If there is one thing that I am a stickler on, it is class attendance. A few years ago, a former student, signed up to take a second class with me. When she missed the first two weeks, I was surprised. A good student, Veronika, knew about my “skipping class” pet peeve. Toward the end of the second week of the semester, I received a rather breathless apology email from a very obviously busy young woman. Veronika, it seems, had been otherwise occupied. She had been invited to speak at the UN regarding her burgeoning non-profit “The Empowerment Plan”.

The Empowerment Plan is a Detroit based organization dedicated to serving the homeless community. They hire homeless women from local shelters to become full time seamstresses making coats that transform into sleeping bags. Veronika designed the sleeping bag coat while a student at College for Creative Studies. Her coats are distributed free of cost to homeless individuals.

Prior to founding the Empowerment Plan, Veronika was enrolled in a freshman seminar I taught. In her final paper, she wrote about her own metamorphosis and her awakening to the many realities of life. I remember the assignment specifically because she bound her paper between two pieces of wood. There was a hand drawn vine running between the front and back cover of the “book”. On it were a series of illustrated butterflies. It was beautiful.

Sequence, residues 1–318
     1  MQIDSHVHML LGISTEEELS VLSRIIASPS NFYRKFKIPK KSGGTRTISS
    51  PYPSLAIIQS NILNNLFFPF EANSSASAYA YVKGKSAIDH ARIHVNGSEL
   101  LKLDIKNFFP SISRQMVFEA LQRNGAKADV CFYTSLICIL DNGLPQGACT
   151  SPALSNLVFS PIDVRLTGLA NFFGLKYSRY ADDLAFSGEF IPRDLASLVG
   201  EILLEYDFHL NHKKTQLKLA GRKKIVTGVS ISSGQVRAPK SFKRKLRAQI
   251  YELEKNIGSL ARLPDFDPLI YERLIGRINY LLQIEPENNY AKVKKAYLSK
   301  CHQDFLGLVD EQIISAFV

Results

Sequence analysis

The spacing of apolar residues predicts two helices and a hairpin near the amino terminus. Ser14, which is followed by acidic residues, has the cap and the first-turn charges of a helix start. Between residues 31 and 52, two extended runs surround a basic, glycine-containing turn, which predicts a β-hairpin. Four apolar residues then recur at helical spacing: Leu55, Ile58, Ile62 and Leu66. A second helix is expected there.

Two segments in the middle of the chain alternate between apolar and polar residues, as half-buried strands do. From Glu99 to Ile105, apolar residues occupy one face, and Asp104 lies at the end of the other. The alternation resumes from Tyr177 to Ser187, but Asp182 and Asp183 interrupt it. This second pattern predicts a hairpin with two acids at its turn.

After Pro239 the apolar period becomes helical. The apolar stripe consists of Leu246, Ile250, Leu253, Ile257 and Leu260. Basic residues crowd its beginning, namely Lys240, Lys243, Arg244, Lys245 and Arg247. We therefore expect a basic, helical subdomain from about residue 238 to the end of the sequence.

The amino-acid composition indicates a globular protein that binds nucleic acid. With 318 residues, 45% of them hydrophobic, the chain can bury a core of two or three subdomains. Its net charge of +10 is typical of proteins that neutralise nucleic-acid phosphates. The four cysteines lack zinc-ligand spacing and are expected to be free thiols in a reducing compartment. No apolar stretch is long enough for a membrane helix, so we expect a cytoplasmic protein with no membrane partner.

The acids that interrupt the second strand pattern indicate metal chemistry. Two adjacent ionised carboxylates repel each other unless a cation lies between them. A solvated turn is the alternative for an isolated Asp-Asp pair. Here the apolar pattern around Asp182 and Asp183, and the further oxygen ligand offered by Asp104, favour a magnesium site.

I have occasionally thought about that paper while watching Veronika’s meteoritic success from the sidelines. I believe that for every situation in our lives, there is a thought pattern that fuels our actions and maintains our focus. It’s as if that final paper served as a blueprint for her future success. As a young woman just breaking free from a challenging childhood, she had a strong desire to be seen as “worthy”. By giving worth to others, she ultimately imposed worth back upon herself.

In 2011, Veronika won an IDEA Gold Award from the Industrial Design Society of America. She is also the youngest recipient to be awarded the prestigious JFK New Frontier Award from the John F. Kennedy Foundation. In addition, she has spoken at various conferences and colleges, has a Ted talk circulating and has been featured in numerous magazines, new shows and newspapers around the world.

While it may seem like individuals have very little ability to shift cultural patterns, Veronika’s success proves that individuals are the only ones who can do the work. It is through transforming our own lives that we create and construct new realities for both ourselves and others whose lives we touch. “We” are creativity in action and where our personal action meets social issues we are able to produce new ways of seeing the world.